It’s almost that time of the year where I usually countdown the things I’ve learned this year.
As the closing of 2012 nears, I am left with many lessons but it all connects to one thing, that of which I am about to discuss here (whoa, that sounded professor-y).
Ever since the fight of one particular boxer, questions about religion have been raised, analyzed and discussed so much that the importance of the discussion has simmered away leaving us with nothing but clashing egos all wanting to be right.
I am not a religious scholar, I just happen to be a girl trying to make my life right in accordance to what Jesus has done for me but somehow, I fell short.
Being raised in a Christian home has given me the wonderful opportunity to know Jesus at an early age. Attending Christian schools have given me the chance to cultivate hope when things seemed bleak, but as I entered the “real” world and was handed real life thrills, I somehow lost my grip.
Three years ago, a resurgent heartache made me question what I was living my life for (or better yet who) and what I base my worth on. Was I truly made to go from one relationship to another expecting to be saved by a human being as broken as I am? I was tired of trying so hard to be loved without realizing that I was already loved.
The journey was fantastic: so many exciting revelations, so many ‘aha’ moments and so many wounds healing that I felt that I was finally free.
And I was, I am.
However, just like in most journeys, it wasn’t perfect.
You may call me idealistic but I somehow believed that just like some magical solution life will turn out the way that I’ve always dreamed it to be: the jock will fall in love with me, I’d be a size 0 and I’d have the perfect job.
I am not proud to say this but I was chasing after the blessings, not the giver while secretly detesting people who were doing the same.
I was spending more time reading the word, listening to podcasts and reading books from the best authors, but my tank was empty.
I just put on a new wardrobe called “Christian Perfection” and I was pretty excellent at the masquerade, except inside I may have healed a bit but a lot of my parts were still broken.
Somehow, in between the first night I cried out in 2009 and today, as I write this entry, I have blurred the lines of passionately falling in love with Jesus and just doing so because I had an image portray.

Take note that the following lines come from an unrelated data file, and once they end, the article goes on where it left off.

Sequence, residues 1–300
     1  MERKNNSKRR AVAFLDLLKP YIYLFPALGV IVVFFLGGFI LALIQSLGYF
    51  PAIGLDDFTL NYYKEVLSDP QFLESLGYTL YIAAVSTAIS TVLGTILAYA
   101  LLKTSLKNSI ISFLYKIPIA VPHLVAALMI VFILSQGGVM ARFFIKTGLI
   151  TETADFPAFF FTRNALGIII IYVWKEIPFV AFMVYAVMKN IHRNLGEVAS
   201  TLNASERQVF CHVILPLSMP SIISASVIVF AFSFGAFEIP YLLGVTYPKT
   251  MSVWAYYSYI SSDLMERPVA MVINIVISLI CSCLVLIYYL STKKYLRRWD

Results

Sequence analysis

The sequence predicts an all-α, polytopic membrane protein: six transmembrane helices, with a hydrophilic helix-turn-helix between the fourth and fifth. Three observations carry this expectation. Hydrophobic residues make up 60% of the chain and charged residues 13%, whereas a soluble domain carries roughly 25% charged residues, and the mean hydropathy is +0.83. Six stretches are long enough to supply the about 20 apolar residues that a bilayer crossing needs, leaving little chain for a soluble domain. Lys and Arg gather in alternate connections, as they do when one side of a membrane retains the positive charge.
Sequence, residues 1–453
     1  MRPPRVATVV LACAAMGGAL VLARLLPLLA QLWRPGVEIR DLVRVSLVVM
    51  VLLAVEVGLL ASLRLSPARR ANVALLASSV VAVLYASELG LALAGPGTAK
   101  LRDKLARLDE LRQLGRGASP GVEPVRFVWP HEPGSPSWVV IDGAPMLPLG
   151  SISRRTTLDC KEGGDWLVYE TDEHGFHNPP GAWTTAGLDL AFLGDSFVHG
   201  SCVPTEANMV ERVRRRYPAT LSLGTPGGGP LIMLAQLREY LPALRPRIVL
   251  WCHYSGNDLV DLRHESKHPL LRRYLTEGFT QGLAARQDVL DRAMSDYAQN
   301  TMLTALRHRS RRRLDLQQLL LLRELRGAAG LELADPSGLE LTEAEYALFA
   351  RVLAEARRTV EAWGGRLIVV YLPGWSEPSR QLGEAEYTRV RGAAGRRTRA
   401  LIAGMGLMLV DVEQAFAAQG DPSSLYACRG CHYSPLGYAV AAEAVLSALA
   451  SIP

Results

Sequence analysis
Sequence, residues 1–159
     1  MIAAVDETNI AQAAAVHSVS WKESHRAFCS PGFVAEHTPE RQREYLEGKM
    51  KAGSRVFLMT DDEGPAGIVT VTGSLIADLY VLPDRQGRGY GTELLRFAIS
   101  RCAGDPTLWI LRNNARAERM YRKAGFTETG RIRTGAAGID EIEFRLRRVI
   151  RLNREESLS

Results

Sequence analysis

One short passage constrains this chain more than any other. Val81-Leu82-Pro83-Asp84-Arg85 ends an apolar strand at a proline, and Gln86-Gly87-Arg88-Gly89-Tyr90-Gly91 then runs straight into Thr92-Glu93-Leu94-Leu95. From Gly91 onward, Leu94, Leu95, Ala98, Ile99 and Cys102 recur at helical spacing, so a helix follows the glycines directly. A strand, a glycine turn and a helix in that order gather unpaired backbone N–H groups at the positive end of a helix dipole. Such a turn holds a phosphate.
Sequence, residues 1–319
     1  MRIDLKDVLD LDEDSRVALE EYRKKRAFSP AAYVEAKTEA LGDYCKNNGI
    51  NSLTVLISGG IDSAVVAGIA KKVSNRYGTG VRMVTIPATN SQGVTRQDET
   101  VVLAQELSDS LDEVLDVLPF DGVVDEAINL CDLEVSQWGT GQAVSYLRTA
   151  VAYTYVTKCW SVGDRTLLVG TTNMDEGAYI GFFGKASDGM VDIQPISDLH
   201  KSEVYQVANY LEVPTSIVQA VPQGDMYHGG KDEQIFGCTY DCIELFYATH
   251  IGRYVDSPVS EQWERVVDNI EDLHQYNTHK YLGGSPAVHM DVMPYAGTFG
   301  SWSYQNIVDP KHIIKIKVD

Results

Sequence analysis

Society tells us that once we speak of our love for God, we must back it up with action, which holds some truth to it and I do believe that God’s grace does change people, however, never did He say that His love will make us perfect while here on earth.
Where in the Bible did He tell us that in order to be qualified to share His love for us we have to be perfect?
Nowhere and yet we see so many Christians (myself included) struggling with the very same thing: trying so hard to announce to the world that all is well when in fact we are all going through something.
Where did we get the notion that life has to be perfect? That in order to credit being called a Christian we had to be perfect? Why do we condemn ourselves when we don’t make the best choices?
Didn’t Jesus come so He can save us in a way that we most definitely can’t no matter how hard we try?
Is the notion of Jesus’ love for us so hauntingly simple that our extremely intricate mind won’t even try to comprehend it?
I believe that as the year ends, we all have to be reminded that being loved and accepted and saved by Jesus has nothing to do with what we’ve done or what we haven’t done.
God’s love for us go beyond our human reasoning and while we have gotten used to the world’s idea of love where we have to be ‘someone’ (in my case: skinny and beautiful) in order to be loved unconditionally, God’s love for us remains the same and will remain unchanged.
God loved us even before we thought twice about Him. His love for us was so great that He gave up His perfect son for us imperfect ones. God never expected us to follow everything to the core, He knew we needed Jesus which is the reason why He sent Him in the first place and all He expects is for us to graciously accept such lavish sacrifice without contaminating it with our own version of love that demands and rarely gives.
There is no pre-requisite for this kind of love, when all else fails, this is the love we can desperately hold on to.
And as I repeat these words to myself, I find myself relax a little, finally breathing right because I am no longer living in the fear that God will “punish” me or “curse” me when I do wrong. He is not the God who does that, He is the God who loves me even if I’ve lost my way. He loves me even if I don’t act perfect all the time, in fact He doesn’t expect me to.
He expects me to be who He created me to be and maybe, by His grace, I will be a better version of myself but not because I struggled or hid who I really am.
Honesty to self is such a rare trait and I pray that as 2013 begins, I will be more honest about my weaknesses and my mistakes and less concerned about my “image”. That my own imperfections will lead people to the awesome power of Jesus, because despite of my long list of flaws, Jesus continues to work in me and through me. That maybe people will see that Jesus is not one who sneers at us but instead gladly wipes away our tears and assures us that in time, we will be healed and all will be well. That Jesus loves everyone and doesn’t care where we’ve been or what we’ve done.
We are loved as we are.
I believe the best gift we can give ourselves this year is the gift of freedom: freedom from our own hypocrisy and a life that celebrates a love that is freely given.
So celebrate the Holidays with an overwhelming sense of celebration because we are loved, yes we are.